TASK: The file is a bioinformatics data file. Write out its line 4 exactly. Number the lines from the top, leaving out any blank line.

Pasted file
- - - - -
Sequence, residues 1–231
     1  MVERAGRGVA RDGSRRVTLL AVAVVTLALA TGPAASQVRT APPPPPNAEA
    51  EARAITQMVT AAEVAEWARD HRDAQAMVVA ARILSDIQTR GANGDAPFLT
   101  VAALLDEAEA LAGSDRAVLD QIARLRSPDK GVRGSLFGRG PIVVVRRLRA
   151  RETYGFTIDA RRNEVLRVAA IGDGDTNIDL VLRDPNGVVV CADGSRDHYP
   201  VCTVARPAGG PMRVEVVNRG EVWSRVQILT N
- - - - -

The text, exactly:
   101  VAALLDEAEA LAGSDRAVLD QIARLRSPDK GVRGSLFGRG PIVVVRRLRA